Writing is a lonely road

For reasons I won’t bore you with, I’ve been withdrawing from the world a bit recently. Friends and associates are receding into the background and I’m focusing more and more on my writing. This is neither good nor bad, it’s just the way things are, and I’m trying to make the best of it. But in the process, I’m discovering something about writing that I don’t think I fully realized in the last 23 years that I’ve been writing seriously. Writing alone is hard.

To a certain extent, we all write alone, of course. It’s the nature of the job. But what I’m finding now, cut off from my former writing partner and having left the critique group I founded long ago, is that I miss the fellowship of other writers, and could really use someone to bounce ideas back and forth with. It’s just not the same asking myself questions and trying to answer them.

Case in point. I’m gearing up for Script Frenzy in April. I’ve got a good idea for a screenplay, something I’ve been kicking around for about a decade that I’ve always known would make either a kick-ass action movie or a good Crichton-esque (before his State of Fear sellout hackitude) technothriller. Perfect fodder for the “100 script pages in a month” white heat of Script Frenzy. But I’ve got second act problems. I know how the movie starts, I have a great, kick ass ending, but how to get from one to the other is a mite fuzzy. And it’s here that I really wish I had someone to banter with, someone who could help me answer some of the questions I have about getting to that crucial plot twist that takes you from the end of act 2 and caroming into act 3.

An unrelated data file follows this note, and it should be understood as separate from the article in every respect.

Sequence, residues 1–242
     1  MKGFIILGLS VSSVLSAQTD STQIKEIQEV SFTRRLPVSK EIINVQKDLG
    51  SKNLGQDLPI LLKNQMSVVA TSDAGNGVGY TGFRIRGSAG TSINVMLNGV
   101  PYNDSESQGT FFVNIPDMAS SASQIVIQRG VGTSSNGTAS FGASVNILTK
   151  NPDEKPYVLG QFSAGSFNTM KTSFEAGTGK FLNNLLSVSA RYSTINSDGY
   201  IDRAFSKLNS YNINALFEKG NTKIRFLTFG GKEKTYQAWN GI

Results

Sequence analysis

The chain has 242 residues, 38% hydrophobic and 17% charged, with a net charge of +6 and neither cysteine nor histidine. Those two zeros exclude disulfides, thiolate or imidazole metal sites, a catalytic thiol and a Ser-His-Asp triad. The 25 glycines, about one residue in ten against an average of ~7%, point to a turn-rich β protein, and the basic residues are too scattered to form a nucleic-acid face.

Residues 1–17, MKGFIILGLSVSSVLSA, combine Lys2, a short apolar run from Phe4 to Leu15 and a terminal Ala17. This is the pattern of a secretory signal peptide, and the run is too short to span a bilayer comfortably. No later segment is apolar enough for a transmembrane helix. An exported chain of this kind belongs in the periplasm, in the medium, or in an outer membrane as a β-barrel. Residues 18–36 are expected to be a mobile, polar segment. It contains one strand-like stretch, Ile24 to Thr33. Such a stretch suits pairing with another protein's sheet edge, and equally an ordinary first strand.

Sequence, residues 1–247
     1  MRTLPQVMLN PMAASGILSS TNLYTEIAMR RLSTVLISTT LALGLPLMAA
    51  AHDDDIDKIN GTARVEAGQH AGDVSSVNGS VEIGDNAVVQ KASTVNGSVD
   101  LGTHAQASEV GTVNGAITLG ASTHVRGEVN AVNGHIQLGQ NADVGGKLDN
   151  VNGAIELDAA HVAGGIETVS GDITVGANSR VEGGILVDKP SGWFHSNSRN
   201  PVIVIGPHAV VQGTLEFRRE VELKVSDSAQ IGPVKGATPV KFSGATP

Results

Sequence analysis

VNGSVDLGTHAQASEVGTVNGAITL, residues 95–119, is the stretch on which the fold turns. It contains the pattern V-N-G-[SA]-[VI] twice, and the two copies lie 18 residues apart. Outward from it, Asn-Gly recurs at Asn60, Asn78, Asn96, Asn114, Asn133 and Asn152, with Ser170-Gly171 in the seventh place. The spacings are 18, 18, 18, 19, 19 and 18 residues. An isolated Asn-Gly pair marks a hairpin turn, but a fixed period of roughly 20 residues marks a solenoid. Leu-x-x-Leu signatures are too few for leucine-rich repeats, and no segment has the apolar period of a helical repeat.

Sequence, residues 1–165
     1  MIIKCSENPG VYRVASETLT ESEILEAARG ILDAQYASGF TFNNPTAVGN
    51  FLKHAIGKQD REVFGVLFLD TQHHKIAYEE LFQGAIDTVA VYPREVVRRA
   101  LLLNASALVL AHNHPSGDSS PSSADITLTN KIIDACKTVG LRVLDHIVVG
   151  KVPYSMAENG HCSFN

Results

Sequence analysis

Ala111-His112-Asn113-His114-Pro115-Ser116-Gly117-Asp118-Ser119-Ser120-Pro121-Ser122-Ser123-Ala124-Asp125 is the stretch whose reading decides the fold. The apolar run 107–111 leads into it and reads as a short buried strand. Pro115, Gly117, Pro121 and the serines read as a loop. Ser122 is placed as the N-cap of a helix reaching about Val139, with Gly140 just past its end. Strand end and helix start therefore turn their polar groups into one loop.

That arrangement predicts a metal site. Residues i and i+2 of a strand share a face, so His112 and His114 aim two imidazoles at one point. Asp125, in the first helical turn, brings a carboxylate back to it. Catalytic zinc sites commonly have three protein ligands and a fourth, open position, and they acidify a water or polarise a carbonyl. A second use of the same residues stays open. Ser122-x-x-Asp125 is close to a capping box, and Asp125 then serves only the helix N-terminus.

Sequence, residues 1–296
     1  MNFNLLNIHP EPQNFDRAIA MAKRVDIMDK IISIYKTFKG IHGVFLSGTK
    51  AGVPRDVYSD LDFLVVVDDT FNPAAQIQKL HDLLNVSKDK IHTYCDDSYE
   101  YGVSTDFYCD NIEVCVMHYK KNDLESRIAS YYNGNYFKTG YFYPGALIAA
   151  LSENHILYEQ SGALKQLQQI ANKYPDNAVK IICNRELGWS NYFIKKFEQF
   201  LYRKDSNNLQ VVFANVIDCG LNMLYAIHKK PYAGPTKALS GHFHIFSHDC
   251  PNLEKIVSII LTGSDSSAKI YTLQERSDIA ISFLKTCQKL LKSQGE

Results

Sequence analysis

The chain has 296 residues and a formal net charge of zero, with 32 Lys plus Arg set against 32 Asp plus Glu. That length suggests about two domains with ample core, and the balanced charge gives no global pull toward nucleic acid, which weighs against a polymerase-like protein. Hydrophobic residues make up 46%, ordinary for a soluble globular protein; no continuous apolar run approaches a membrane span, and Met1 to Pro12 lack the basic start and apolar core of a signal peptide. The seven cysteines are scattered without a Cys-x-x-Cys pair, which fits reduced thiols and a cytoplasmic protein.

But I don’t have anyone left that I trust. This is foolish, I know, since there’s realistically no danger in talking openly about my story. Give two writers the same basic story and you end up with “Armageddon” on one side and “Deep Impact” on the other. But old habits die hard, and I’m keeping the details to myself. The story questions I’ve teased out of my outline I’ll have to answer myself. The answers will come, and at least I have second act problems and not the third act problems (good story but no satisfactory ending) more common, and deadly, to screenplays.